I applaud these two scholars for their courage. They had to know that they would be charged with anti-semitism never mind the fact that American foreign policy has been skewed in favor of Israel for decades and we have paid a heavy price for it in lives and money. But I rush to say in defense of myself that I bow to no person -- I can see the slings and arrows headed in the general direction of this blog -- in my concern with genuine anti-semitic behavior. I read a small library of materials on the Holocaust when I was young -- specifically novels, historical accounts, and opinion pieces -- and was horrified. I visited the Holocaust Museum in Copenhagen and was horrified, but also inspired by the courage of the Danish resistance. The name "Baba Yar" is branded across my brain even today though I no longer remember the details of the atrocities committed there. To me, the horror of that time makes it totally irresponsible for anyone to charge anyone with anti-semitism simply to try to shut them up, as Derschowitz and others are clearly trying to do.
Our pro-Israel stance has to a very large degree been forced on us by the failure of our allies to join us in an effort to protect Israel and provide assistance to the Palestinians. We have, for all intents and purposes, been isolated thanks to our cowardly European allies and we have reaped the storm of Arab resentment. I'm not suggesting that any specific anti-American attack was due primarily to our pro-Israel stance. OBL, for instance, had other axes to grind, including our support of oil-rich Arab monarchies. But to suppose that our pro-Israel stance played no role in the hating that led up to the first or second attack on the WTC or the attack on our embassies in Africa or the attack on the Cole is ridiculous. Its part of the anti-American Middle-east stew. But we have to support Israel nevertheless. But we didn't have to support their refusal to allow the creation of a Palestinian state. We did that for Israel when it would have been in our best interests to have helped the Palestinians create their own state. It must have been the right thing to do since Israel has finally "let" it happen. In the same vein, I believe we must pressure Israel to give its Arab citizens equal rights to those its Jewish citizens enjoy and pressure Israel to withdraw entirely from the West Bank areas it has built settlements in, and pressure Israel to be more selective in its attacks in Gaza and the West Bank. Anyone who thinks innocent civilians aren't terrorized or even killed in Gaza and the West Bank by these military actions doesn't know much about what is going on. Their weapons accuracy is no better than ours.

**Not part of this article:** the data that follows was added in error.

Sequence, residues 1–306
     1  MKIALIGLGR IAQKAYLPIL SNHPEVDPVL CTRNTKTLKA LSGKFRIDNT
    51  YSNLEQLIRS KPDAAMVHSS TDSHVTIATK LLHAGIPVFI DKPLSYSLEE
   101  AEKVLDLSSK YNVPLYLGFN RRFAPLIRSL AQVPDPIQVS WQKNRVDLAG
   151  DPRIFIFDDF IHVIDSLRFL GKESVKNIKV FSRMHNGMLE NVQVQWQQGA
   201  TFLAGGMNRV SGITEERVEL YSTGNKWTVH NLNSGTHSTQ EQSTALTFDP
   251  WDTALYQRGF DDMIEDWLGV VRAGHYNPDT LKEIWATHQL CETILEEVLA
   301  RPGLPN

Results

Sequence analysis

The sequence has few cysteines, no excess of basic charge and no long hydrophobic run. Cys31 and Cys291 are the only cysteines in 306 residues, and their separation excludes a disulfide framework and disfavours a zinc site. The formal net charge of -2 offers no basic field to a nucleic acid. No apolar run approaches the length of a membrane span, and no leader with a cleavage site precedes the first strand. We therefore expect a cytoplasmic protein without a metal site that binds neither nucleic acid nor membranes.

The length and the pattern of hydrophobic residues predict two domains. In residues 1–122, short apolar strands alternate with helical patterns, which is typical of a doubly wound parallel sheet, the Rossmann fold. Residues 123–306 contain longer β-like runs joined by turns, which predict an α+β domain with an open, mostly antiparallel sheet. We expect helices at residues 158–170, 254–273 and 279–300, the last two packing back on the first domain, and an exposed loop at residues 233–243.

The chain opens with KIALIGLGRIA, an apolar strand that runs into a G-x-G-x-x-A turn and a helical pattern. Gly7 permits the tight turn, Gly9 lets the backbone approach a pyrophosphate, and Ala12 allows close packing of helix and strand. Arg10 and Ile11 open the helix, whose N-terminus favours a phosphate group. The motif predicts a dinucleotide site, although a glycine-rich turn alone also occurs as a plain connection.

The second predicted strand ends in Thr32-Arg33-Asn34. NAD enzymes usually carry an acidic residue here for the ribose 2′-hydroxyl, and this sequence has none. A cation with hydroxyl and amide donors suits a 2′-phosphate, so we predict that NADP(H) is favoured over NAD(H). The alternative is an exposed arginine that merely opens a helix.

The language people use to silence others can be a very powerful weapon. It is one thing to attack the arguments of someone who suggests our policy toward Israel is wrong and quite another to call him or her an anti-semite. We have seen this sort of verbal ploy over and over in other contexts as when people are said to be racist or homophobic or whatever just to shut them up. If a person cannot make an argument that supports his or her position and discredits an opponent's position, then he or she must do the shutting up.
One of the great ironies of American politics is some of the biggest supporters of Israel are members of the Religious Right Wing, people whom I would have supposed would normally be anti-semitic. Of course, their support is predicated on some of their nuttier religious views, not for authentic political reasons. On the last episode of the Sopranos, Tony, recovering from a gunshot wound, told a visiting hoodlum, who happens to be Jewish, that a Bible thumper (my words) said he supported Israel. The Jewish hoolum said, if I recall correctly, "Just wait."